Setting the Edge: How the NCAA Can Defend Amateurism by Allowing Third-Party Compensation
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How to Cite

Feiner, B. (2020). Setting the Edge: How the NCAA Can Defend Amateurism by Allowing Third-Party Compensation. The Columbia Journal of Law & The Arts, 44(1). Retrieved from https://journals.library.columbia.edu/index.php/lawandarts/article/view/7312

Abstract

Part I of this Note describes the NCAA’s formation and its contemporary model. It also discusses the antitrust and labor law challenges the NCAA has faced in
litigation over its existing approach. Part II explores the twin challenges posed by the Fair Pay to Play Act, which cannot be sufficiently addressed through a unilateral NCAA response. The first challenge is the inconsistency in state laws, which undermines any NCAA response that seeks to impose a uniform set of rules across the country. The second is that the Fair Pay to Play Act fails to address existing legal challenges to the NCAA’s amateur model. Therefore, even if the NCAA accepts a change in the status quo, it misses an opportunity to address the increasingly uncertain broader legal status of its restrictions on college athlete compensation.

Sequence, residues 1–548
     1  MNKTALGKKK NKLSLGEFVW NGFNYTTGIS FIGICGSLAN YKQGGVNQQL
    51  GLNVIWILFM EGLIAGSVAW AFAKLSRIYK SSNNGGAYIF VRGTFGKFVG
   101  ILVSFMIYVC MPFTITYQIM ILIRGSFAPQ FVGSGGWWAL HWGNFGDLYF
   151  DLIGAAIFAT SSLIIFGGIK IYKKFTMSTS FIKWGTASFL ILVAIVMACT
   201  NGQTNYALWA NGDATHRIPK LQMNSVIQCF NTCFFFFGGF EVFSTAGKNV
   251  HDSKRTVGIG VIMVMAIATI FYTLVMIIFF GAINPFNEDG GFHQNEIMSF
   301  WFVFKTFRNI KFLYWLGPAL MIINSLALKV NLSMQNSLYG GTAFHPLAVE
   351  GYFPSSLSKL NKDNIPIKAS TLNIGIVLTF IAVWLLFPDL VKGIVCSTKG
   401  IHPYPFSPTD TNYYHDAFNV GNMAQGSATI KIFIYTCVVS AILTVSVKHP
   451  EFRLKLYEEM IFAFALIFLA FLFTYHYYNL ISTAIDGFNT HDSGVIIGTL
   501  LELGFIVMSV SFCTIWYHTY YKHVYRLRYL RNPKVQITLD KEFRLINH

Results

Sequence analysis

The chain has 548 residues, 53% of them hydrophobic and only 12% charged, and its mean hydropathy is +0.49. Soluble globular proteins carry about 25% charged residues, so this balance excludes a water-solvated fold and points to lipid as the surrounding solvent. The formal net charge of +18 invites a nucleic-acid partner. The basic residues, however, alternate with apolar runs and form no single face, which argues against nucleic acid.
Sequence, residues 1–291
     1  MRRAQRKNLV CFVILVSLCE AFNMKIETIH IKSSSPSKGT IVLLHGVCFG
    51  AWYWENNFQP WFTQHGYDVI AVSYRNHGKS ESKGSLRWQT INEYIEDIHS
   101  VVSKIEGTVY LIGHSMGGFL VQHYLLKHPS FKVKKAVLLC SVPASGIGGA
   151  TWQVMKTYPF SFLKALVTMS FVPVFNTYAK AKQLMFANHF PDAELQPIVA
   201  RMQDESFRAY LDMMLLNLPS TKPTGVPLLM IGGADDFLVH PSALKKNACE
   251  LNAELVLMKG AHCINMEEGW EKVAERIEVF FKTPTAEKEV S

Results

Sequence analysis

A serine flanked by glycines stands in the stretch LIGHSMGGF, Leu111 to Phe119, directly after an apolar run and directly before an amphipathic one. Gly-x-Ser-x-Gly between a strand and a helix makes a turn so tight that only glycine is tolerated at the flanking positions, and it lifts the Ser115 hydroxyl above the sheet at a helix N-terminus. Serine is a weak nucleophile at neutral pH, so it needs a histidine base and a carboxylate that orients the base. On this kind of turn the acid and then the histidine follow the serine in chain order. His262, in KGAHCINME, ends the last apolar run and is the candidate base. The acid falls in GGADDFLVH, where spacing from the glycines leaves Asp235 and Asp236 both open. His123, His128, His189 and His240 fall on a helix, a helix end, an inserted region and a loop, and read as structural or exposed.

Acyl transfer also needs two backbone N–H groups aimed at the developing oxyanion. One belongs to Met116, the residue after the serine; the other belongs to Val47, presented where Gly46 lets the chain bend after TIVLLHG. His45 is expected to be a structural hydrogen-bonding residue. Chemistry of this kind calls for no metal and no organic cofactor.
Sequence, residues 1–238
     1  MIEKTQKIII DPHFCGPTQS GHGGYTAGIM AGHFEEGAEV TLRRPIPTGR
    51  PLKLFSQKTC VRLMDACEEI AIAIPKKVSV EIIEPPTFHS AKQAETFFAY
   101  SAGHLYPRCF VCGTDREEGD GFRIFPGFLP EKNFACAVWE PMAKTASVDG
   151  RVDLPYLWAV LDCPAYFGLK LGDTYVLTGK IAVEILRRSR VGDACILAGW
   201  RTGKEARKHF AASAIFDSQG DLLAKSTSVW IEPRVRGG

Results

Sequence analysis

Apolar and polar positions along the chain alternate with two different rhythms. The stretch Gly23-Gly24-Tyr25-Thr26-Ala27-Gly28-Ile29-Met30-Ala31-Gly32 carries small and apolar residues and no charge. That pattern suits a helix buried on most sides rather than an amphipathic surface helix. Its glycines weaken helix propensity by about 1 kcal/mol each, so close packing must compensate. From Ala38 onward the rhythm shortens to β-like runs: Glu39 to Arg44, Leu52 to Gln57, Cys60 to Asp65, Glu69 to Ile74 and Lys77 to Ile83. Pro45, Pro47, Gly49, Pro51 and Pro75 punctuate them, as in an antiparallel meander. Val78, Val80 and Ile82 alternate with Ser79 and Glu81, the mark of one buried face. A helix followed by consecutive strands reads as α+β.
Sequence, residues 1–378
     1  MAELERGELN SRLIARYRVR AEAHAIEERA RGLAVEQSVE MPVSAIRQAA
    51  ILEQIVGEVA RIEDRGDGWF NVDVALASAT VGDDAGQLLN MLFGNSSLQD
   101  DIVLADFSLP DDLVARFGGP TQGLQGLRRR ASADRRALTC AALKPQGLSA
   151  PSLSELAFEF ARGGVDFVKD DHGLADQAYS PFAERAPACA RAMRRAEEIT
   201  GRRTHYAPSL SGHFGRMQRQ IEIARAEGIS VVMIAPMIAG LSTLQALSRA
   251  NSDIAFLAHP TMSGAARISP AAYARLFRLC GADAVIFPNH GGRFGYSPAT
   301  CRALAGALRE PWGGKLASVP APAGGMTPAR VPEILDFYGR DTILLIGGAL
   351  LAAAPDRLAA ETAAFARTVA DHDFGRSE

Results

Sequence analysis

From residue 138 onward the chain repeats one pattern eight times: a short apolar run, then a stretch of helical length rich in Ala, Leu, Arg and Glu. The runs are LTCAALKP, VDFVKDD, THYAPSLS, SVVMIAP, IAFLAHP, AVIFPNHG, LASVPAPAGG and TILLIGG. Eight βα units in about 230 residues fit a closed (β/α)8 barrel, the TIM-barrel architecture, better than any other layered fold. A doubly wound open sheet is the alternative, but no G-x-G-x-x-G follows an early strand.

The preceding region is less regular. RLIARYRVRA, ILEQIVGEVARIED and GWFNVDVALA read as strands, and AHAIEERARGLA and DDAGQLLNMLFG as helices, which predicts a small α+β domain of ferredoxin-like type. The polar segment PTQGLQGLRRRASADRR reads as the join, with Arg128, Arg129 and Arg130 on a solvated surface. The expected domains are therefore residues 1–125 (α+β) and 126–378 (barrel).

In response to these challenges, Part III contends that the NCAA should more urgently pursue a comprehensive federal legislative compromise that sacrifices
restrictions on NIL compensation in return for statutory protections from further labor and antitrust litigation. This type of federal legislation would have the
additional benefit of preempting state laws on the subject, thus maintaining a uniform system of rules. By losing the battle to win the war, the NCAA will be well positioned for continued viability in the coming decades

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